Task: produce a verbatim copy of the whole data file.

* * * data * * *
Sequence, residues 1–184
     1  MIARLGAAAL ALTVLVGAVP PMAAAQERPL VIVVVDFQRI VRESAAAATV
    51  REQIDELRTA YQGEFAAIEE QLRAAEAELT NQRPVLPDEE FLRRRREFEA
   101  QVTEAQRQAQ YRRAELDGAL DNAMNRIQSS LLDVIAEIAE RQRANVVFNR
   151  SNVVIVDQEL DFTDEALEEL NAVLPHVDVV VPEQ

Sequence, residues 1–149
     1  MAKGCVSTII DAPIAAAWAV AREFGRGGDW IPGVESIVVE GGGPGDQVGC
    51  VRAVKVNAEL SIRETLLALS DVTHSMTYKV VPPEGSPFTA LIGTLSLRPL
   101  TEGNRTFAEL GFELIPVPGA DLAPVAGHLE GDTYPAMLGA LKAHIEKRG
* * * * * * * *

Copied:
Sequence, residues 1–184
     1  MIARLGAAAL ALTVLVGAVP PMAAAQERPL VIVVVDFQRI VRESAAAATV
    51  REQIDELRTA YQGEFAAIEE QLRAAEAELT NQRPVLPDEE FLRRRREFEA
   101  QVTEAQRQAQ YRRAELDGAL DNAMNRIQSS LLDVIAEIAE RQRANVVFNR
   151  SNVVIVDQEL DFTDEALEEL NAVLPHVDVV VPEQ

Sequence, residues 1–149
     1  MAKGCVSTII DAPIAAAWAV AREFGRGGDW IPGVESIVVE GGGPGDQVGC
    51  VRAVKVNAEL SIRETLLALS DVTHSMTYKV VPPEGSPFTA LIGTLSLRPL
   101  TEGNRTFAEL GFELIPVPGA DLAPVAGHLE GDTYPAMLGA LKAHIEKRG